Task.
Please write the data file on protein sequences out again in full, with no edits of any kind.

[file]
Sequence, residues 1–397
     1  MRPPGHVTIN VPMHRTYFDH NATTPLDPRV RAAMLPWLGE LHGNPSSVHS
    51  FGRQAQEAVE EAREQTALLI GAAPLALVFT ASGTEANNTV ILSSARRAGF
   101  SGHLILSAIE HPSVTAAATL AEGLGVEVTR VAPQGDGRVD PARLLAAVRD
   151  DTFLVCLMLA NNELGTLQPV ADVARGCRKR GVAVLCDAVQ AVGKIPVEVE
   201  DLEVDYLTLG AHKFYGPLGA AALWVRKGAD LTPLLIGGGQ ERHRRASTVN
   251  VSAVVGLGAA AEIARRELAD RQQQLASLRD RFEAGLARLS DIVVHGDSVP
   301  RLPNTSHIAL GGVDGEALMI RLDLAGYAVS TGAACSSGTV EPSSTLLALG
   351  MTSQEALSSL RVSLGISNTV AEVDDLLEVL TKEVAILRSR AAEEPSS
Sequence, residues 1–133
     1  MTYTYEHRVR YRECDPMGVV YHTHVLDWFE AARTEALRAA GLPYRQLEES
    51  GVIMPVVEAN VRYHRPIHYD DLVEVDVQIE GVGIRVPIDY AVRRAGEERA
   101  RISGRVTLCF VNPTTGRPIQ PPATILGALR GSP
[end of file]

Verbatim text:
Sequence, residues 1–397
     1  MRPPGHVTIN VPMHRTYFDH NATTPLDPRV RAAMLPWLGE LHGNPSSVHS
    51  FGRQAQEAVE EAREQTALLI GAAPLALVFT ASGTEANNTV ILSSARRAGF
   101  SGHLILSAIE HPSVTAAATL AEGLGVEVTR VAPQGDGRVD PARLLAAVRD
   151  DTFLVCLMLA NNELGTLQPV ADVARGCRKR GVAVLCDAVQ AVGKIPVEVE
   201  DLEVDYLTLG AHKFYGPLGA AALWVRKGAD LTPLLIGGGQ ERHRRASTVN
   251  VSAVVGLGAA AEIARRELAD RQQQLASLRD RFEAGLARLS DIVVHGDSVP
   301  RLPNTSHIAL GGVDGEALMI RLDLAGYAVS TGAACSSGTV EPSSTLLALG
   351  MTSQEALSSL RVSLGISNTV AEVDDLLEVL TKEVAILRSR AAEEPSS
Sequence, residues 1–133
     1  MTYTYEHRVR YRECDPMGVV YHTHVLDWFE AARTEALRAA GLPYRQLEES
    51  GVIMPVVEAN VRYHRPIHYD DLVEVDVQIE GVGIRVPIDY AVRRAGEERA
   101  RISGRVTLCF VNPTTGRPIQ PPATILGALR GSP